Within an hour, however, the price of oil had come back down, as traders took profits on the run-up. When the oil futures market closed at 3:10 p.m., the price of a barrel of benchmark crude stood at $27.26 -- just 9 cents higher than the closing price the day before, masking the day's frenetic activity.

"What the market is telling us," Beutel joked, "is that the chances of war today are 9 cents more today than they were yesterday."

More seriously, traders said, many participants in the oil market may have made or lost huge amounts of money in the dramatic price move. Those who bought futures contracts at the low end of the day's trading and sold them at the highs were the big winners; those who were "short" -- betting that the price would continue to go down -- got burned in the rapid turnaround.

"We haven't seen a shot fired yet in this war, but we're seeing plenty of blood on the floor of the Merc," Beutel said.

Although the oil market recovered later in the day, the stock market continued lower through the end of its trading session. Analysts said more sabre-rattling by Iraqi leader Saddam Hussein and suggestions by Defense Secretary Richard B. Cheney that the United States might call up another 1 million military reservists fueled the downturn. "The last two hours were just a cascade of bad news," said Laszlo Birinyi, president of Birinyi Associates, a New York-based financial consulting firm that tracks the stock market.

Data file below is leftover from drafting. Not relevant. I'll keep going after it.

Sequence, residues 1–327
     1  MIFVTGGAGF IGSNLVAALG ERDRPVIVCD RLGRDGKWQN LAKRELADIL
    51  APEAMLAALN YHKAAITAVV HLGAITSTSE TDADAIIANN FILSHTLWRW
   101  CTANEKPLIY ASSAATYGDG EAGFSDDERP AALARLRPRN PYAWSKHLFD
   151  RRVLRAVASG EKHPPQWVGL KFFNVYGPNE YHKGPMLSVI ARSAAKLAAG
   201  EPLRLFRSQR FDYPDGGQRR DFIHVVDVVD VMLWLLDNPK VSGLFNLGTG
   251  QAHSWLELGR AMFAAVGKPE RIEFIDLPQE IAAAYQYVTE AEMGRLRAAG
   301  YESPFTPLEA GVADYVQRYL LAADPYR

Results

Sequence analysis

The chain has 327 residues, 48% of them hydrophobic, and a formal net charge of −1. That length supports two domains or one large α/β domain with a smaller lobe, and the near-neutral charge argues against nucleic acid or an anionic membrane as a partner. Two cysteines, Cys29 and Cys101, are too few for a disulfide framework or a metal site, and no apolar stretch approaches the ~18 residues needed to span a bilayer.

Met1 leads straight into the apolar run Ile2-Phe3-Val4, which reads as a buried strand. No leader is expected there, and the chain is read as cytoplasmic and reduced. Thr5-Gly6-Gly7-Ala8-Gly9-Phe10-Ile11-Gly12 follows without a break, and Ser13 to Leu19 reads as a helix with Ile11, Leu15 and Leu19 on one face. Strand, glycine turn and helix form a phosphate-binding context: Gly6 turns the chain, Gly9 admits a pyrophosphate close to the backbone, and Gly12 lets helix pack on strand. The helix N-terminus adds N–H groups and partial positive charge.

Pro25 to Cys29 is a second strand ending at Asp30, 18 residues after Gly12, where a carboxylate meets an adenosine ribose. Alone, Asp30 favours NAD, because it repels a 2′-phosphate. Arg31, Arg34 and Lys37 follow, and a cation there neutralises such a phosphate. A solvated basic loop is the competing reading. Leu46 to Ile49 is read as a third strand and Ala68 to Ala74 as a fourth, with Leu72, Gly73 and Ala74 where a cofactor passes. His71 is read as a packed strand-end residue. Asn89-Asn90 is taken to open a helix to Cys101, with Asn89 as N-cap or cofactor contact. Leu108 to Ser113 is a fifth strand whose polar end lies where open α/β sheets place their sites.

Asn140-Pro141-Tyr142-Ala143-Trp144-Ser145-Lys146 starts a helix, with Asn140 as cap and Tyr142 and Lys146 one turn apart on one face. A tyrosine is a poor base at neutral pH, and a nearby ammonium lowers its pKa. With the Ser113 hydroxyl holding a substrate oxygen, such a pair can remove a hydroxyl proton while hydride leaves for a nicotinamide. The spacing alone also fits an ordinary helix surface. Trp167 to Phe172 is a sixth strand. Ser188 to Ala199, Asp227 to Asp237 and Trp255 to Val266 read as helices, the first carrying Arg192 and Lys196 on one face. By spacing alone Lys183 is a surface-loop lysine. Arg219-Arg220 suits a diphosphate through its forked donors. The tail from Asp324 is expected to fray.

Most measures of stock market performance finished the day sharply lower. Standard & Poor's industrial index fell 4.26 to 364.90, and S&P's 500-stock composite index was down 3.41 at 311.49.

The New York Stock Exchange's composite index of all its listed common stocks dropped 1.64 to 170.97. Nationwide, consolidated volume in NYSE-listed issues, including trades in those stocks on regional exchanges and in the over-the-counter market, totaled a heavy 226.81 million shares, up from 175.82 million the day before.

The Nasdaq composite index for the over-the-counter market slipped 1.55 to 357.45. At the American Stock Exchange, the market value index closed at 298.12, down 1.66.

Among individual issues, Digital Equipment fell 1 1/8 to 52 5/8 after announcing it would dismiss about 3,000 employees. Sequent Computer dropped 5 3/4 to 11 1/2 in active trading after a disappointing fourth-quarter earnings projection.

And among blue-chip stocks, International Business Machines was down 2 1/8 to 106 7/8, Du Pont fell 1 1/2 to 33 1/8 and Coca-Cola lost 1 to 43.

Bond prices fell sharply after Baker's announcement, with 30-year Treasury bonds falling 13/16 of a point, or $8.13 per $1,000 in face amount. The yield, which moves in the opposite direction of price, rose to 8.45 percent from 8.38 percent late Tuesday. Corporate-grade and junk bonds also were lower.

On currency markets, the dollar rose sharply against the German mark and Japanese yen after Baker's comments, finishing mixed on the day. And the price of gold, off for most of the day, jumped $10 per troy ounce after the announcement but finished up 90 cents an ounce, at $391.20, on the New York Commodity Exchange. Republic National Bank later quoted a bid of $391.25 a troy ounce, up $1.05 from Tuesday's close.

Staff writer Robert J. McCartney contributed to this report from New York.